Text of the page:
She then recalled that they had got back to Eden Place about half-past 12 in the middle of the day. Just before they got back, they stopped off at the Star and Garter public-house where Margaret had had half-a-quartern of gin and some bread and cheese. As far as she knew, that was the first drink that Margaret had had that morning.

When they got back to Eden Place, James White was sitting on his bench, working.

After they had been in the room a few minutes, he turned to his wife and told her that he should like a pint of beer, to which Margaret had replied, “James, I think you have had enough already, where did you get it?”

He told her, “I have taken a little job home, and I spent the money.”

At this point Margaret burst into tears and handed him two pennies to get a pint of beer.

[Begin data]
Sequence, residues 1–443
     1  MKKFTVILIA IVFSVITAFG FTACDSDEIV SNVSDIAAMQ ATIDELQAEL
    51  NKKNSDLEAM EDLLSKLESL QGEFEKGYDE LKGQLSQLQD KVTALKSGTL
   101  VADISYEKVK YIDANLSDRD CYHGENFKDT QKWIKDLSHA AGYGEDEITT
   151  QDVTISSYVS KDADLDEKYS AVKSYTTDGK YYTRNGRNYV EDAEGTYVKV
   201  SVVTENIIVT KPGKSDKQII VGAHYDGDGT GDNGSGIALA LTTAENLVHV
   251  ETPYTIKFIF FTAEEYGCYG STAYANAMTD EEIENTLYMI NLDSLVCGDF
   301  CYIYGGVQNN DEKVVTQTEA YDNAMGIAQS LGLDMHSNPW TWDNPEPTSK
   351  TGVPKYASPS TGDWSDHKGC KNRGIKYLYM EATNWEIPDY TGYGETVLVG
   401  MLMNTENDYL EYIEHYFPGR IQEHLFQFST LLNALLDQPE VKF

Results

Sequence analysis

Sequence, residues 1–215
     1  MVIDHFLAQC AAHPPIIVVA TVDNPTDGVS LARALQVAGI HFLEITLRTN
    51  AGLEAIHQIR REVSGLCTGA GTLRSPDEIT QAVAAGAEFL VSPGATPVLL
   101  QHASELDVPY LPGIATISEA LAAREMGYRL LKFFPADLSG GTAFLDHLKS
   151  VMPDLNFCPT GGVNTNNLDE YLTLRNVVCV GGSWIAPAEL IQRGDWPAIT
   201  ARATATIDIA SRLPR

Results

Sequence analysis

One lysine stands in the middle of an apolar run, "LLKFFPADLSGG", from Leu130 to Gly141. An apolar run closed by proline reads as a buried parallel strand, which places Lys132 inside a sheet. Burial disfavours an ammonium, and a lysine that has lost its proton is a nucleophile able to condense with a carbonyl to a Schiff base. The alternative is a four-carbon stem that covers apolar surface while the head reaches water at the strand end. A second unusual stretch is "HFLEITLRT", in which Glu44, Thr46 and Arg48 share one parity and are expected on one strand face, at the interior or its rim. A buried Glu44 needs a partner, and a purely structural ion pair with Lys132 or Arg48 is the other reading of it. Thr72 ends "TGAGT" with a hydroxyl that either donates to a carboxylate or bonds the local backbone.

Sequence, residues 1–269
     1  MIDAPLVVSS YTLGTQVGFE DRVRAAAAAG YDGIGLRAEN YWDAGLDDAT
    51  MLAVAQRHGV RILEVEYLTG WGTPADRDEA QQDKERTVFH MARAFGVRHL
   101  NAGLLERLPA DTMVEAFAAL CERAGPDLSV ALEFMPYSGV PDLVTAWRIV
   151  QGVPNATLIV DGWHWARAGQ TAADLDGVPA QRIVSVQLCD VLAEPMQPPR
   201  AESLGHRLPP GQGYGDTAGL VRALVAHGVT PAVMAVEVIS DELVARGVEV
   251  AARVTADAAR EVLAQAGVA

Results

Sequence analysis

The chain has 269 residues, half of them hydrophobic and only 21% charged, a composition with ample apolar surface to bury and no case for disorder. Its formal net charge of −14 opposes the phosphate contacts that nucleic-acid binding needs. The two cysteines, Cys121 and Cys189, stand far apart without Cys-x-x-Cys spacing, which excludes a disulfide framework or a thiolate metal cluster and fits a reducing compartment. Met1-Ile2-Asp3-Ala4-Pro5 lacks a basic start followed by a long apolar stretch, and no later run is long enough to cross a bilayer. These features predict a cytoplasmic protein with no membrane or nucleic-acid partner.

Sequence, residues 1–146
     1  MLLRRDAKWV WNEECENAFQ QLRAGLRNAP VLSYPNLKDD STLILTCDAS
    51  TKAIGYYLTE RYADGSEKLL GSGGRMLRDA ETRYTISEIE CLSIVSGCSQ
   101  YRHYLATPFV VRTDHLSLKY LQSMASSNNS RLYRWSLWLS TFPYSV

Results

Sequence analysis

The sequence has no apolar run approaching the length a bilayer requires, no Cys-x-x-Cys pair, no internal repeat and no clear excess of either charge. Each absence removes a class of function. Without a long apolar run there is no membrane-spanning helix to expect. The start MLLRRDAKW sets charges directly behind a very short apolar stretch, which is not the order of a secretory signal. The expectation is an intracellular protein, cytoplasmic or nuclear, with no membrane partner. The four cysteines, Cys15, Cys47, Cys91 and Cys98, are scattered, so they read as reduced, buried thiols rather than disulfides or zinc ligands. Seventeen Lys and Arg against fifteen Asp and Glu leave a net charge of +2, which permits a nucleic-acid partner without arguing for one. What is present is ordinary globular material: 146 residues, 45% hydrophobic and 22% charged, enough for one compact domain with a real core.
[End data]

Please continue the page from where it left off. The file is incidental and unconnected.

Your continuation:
“He went to fetch it,” Catherine told the court, “I saw him come back with the beer – his wife was then sorting the boots out of a sack, about 18 pairs. She showed him the boots, there were some to mend and some to cut up. He said,  “Never mind those, I will see to those afterwards.”

He gave his wife a glass of beer first, and he drank the remainder.”

Shortly afterwards, he had told her that “he felt very bad, he did not know what was the matter, he said he felt so bad he must go and lie down…I said “Do, Dad, and I will cover you up.” I took his arm and led him to the bed, he lay down and I covered him up with a great coat – at that time the wife was still occupied with the boots: she was crying very much – she gave, as a reason, that the work in the house would not go home tonight; that was the first week they had had any work for several weeks. I said “Don’t fret, Mother, let him sleep a little while, and when he wakes up he will go to work, don’t disturb him.”